It is disturbing to read news articles declaring definitively that “science” shows hydroxychloroquine does not work. I’ve read the science, and what it shows is complex.

NBC News (July 30, 2020): “President Donald Trump continues to tout an unproven treatment for the coronavirus. While some treatments have been shown to improve survival or lessen the severity of the disease, leading infectious disease experts, doctors and virologists say it’s time to stop promoting one that hasn’t: hydroxychloroquine.”

There are multiple studies showing that hydroxychloroquine is effective [1 – 6], and a lower mortality rate [1, 4, 6]. It is dishonest to use sweeping phrases like “leading infectious disease experts, doctors and virologists say” as if all were in agreement, especially when multiple studies show effectiveness and many physicians and hospitals continue to use hydroxychloroquine.

The Ohio pharmacy board withdrew a rule barring use of hydroxychloroquine to treat coronavirus because so many physicians and patients objected. It is false to say that all doctors agree that hydroxychloroquine doesn’t work.

And Stephen Hahn, the commissioner of the Food and Drug Administration (FDA), in an interview on July 30, 2020, refused to oppose the use of hydroxychloroquine, and stated it should be left to the decision of physicians and patients. Hahn stated: “We had data that when this drug was combined with others, there was some risk associated with that.” [TheHill.com] The combination to which he refers is azithromycin with hydroxychloroquine. The evidence is sufficient that this combo adds too much risk to justify any additional benefits. But notice that the head of the FDA does not agree that hydroxychloroquine does not work.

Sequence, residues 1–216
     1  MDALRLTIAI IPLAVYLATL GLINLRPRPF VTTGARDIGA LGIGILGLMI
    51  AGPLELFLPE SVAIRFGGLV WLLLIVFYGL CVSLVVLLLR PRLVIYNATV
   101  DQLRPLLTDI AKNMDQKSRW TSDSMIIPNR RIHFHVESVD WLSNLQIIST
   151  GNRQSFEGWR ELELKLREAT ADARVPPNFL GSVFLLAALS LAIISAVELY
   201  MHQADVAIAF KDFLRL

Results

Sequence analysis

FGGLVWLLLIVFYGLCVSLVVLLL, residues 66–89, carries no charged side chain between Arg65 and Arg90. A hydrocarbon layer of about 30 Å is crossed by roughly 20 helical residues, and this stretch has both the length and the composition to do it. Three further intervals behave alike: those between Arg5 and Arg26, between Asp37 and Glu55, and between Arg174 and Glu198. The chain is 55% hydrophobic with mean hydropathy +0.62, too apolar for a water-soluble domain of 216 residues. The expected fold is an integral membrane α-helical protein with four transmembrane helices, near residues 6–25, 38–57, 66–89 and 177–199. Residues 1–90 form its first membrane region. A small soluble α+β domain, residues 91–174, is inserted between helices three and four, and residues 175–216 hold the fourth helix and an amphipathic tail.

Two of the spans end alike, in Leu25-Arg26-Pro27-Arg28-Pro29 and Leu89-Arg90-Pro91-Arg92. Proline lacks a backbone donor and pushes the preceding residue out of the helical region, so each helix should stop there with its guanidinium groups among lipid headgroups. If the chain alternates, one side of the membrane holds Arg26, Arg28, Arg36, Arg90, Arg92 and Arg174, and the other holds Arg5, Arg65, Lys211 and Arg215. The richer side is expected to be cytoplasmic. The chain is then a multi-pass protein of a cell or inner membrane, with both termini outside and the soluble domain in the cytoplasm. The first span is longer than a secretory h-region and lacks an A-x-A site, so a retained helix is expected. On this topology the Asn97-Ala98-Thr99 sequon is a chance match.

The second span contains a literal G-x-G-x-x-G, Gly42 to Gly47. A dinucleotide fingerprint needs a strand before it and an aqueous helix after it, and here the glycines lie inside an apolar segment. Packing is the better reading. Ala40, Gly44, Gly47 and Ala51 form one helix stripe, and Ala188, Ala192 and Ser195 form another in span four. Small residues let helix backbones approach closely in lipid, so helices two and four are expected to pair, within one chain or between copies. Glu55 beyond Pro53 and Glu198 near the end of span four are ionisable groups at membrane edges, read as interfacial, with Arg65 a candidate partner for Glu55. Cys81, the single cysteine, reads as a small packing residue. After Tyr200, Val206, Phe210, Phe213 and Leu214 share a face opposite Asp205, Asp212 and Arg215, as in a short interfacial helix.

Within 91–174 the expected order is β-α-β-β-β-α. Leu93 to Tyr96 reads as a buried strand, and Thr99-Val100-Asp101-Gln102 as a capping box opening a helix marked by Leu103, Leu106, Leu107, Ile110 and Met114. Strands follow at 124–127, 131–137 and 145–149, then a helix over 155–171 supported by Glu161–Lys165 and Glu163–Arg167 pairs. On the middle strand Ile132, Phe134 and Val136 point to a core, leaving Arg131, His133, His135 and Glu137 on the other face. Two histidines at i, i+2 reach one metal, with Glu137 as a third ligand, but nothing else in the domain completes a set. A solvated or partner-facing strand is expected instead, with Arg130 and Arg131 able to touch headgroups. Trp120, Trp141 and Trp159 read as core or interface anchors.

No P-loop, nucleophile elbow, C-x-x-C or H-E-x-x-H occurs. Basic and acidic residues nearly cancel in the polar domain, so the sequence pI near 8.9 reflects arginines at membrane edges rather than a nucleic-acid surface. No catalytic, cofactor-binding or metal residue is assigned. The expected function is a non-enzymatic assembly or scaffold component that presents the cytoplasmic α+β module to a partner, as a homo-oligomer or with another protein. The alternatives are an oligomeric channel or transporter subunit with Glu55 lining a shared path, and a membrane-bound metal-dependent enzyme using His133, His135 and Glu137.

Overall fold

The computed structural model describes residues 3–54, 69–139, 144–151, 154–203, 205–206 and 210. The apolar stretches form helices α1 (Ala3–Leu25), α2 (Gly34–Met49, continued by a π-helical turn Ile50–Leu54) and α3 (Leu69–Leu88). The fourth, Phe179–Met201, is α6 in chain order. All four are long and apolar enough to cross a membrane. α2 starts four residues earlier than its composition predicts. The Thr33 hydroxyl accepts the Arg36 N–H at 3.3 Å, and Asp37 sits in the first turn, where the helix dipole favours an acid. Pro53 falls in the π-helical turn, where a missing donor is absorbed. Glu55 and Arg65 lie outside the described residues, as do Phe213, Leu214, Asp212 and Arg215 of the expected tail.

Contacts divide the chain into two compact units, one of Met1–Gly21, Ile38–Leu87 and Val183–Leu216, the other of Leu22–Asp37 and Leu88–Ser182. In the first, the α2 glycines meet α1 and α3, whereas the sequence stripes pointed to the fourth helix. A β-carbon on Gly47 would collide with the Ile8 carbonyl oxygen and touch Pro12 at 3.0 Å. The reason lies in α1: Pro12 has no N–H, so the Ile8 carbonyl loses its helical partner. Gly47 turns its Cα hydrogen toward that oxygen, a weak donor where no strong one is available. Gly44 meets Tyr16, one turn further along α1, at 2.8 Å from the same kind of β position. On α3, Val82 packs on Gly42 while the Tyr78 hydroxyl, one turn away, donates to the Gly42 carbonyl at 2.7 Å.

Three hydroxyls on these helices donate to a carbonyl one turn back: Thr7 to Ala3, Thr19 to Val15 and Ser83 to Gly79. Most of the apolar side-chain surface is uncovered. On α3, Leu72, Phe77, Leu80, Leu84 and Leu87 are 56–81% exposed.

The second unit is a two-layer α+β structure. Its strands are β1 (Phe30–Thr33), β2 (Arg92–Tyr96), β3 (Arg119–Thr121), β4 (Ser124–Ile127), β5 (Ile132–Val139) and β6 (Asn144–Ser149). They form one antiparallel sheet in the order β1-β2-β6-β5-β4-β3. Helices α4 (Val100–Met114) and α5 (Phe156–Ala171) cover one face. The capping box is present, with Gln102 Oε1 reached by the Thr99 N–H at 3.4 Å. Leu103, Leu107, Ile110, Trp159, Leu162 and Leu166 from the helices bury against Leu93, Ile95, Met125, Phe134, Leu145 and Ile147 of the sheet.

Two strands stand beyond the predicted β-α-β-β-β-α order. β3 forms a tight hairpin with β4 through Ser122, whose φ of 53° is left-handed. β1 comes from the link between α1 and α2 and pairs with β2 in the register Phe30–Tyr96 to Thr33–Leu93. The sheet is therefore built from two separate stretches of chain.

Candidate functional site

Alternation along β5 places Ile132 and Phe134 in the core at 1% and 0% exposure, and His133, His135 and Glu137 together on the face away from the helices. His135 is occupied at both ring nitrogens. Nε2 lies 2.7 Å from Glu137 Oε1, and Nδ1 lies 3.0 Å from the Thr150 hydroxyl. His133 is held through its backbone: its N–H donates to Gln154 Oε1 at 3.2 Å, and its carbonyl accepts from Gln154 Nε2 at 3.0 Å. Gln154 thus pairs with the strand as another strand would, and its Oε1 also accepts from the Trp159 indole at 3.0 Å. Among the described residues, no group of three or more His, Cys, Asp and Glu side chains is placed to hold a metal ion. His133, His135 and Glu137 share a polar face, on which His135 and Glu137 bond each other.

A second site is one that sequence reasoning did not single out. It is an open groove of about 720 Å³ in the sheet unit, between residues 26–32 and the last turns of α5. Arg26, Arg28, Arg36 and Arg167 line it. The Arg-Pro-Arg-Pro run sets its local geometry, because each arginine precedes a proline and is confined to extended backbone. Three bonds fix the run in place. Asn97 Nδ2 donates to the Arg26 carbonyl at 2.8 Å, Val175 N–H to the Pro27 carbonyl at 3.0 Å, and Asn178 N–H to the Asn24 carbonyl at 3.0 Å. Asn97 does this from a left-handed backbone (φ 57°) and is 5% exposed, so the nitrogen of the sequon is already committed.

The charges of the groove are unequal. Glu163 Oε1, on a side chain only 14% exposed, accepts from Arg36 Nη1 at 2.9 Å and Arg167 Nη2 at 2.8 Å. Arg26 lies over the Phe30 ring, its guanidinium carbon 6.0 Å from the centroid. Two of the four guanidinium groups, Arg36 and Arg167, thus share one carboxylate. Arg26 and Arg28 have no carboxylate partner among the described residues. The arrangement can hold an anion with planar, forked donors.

A CNN article bemoans the use of hydroxychloroquine in Brazil. The article claims “Globally the debate about hydroxychloroquine — settled by science yet still raging in the mouths of politicians looking for hope to sell….”

No, CNN, science has not settled the debate on hydroxychloroquine. The Henry Ford Hospital study was just published in the August 2020 issue of International Journal of Infectious Diseases (released at the end of July). The article is unfairly titled: “Inside Brazil’s cult of hydroxychloroquine.” Brazil likes hydroxychloroquine because it is widely-available and affordable. As a developing nation, Brazil cannot afford remdesivir and other expensive medications.